Queen's researchers have found that people with Parkinson's disease can perform automated tasks better than people without the disease, but have significant difficulty switching from easy to hard tasks .
The findings are a step towards understanding the aspects of the illness that affect the brain's ability to function on a cognitive level.
"We often think of Parkinson's disease as being a disorder of motor function," says Douglas Munoz, director of the Queen's Centre for Neuroscience Studies and a Canada Research Chair in Neuroscience.
When asked to look at a light when it came on, people with Parkinson have responded with greater accuracy than people without the disease. But when asked to change that behavior - to look away from the light, for instance - Parkinson's patients struggled. Even when asked to simply prepare to change their behaviour, people with the disease found it incredibly difficult to adjust their plans.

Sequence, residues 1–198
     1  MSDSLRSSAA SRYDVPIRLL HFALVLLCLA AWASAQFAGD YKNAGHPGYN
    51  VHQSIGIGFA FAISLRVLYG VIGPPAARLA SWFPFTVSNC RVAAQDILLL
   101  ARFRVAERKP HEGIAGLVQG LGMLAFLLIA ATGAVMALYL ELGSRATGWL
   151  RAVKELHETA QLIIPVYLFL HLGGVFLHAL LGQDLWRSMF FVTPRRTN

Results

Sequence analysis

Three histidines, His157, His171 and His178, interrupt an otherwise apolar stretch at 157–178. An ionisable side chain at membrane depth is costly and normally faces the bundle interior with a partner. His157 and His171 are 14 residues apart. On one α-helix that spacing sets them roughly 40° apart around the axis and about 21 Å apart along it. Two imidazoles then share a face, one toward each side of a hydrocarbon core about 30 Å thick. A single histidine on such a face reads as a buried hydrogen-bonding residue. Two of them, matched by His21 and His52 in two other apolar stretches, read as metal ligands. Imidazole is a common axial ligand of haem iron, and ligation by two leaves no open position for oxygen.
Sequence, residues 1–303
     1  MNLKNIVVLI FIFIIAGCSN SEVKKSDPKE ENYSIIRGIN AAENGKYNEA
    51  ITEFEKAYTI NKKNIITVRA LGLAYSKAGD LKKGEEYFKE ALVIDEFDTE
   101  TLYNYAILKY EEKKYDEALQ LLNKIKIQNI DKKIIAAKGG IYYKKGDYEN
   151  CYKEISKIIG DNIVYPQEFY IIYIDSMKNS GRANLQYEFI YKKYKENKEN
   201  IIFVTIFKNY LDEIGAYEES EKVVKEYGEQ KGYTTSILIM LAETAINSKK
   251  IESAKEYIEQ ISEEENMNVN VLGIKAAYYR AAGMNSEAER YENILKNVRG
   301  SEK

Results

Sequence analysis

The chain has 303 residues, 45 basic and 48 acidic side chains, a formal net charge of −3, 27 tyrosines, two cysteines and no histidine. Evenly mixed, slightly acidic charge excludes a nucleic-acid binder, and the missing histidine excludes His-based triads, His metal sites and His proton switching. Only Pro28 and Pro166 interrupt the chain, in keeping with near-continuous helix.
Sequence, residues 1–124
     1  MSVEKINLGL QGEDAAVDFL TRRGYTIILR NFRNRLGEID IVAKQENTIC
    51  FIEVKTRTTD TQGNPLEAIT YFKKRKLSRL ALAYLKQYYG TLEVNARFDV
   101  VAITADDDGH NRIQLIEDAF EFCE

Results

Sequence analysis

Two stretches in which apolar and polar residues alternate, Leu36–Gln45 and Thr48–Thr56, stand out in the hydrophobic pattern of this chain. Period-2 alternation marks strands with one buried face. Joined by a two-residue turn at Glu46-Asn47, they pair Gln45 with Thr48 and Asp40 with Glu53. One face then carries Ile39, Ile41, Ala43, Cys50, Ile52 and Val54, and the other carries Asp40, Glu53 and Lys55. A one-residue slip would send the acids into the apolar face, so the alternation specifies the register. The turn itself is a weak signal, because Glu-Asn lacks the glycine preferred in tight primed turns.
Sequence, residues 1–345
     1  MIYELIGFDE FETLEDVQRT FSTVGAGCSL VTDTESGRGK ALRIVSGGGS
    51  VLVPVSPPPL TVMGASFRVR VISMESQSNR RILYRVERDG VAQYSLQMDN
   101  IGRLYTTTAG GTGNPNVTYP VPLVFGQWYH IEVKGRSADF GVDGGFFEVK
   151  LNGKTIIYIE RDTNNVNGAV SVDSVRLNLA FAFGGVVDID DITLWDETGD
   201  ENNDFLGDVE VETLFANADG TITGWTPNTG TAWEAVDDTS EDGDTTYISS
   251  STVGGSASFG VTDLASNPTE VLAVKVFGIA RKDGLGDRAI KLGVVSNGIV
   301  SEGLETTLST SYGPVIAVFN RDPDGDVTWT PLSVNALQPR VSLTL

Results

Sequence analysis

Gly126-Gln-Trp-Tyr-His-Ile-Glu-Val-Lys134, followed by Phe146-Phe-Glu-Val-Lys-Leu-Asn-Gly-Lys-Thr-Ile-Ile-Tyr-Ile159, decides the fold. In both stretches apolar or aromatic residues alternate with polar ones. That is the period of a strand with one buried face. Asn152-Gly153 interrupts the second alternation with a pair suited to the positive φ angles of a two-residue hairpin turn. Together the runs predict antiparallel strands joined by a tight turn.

PhD student Ian Cameron, lead author of the study, says the findings are significant because they highlight how biased Parkinson's patients are towards performing an automated response. It also suggests that medications currently prescribed to treat the symptoms of the disease that affect motor functioning could further upset a patient's cognitive balance.
The findings have been published in the Neuropsychologia, an international interdisciplinary journal of cognitive and behavioural neuroscience.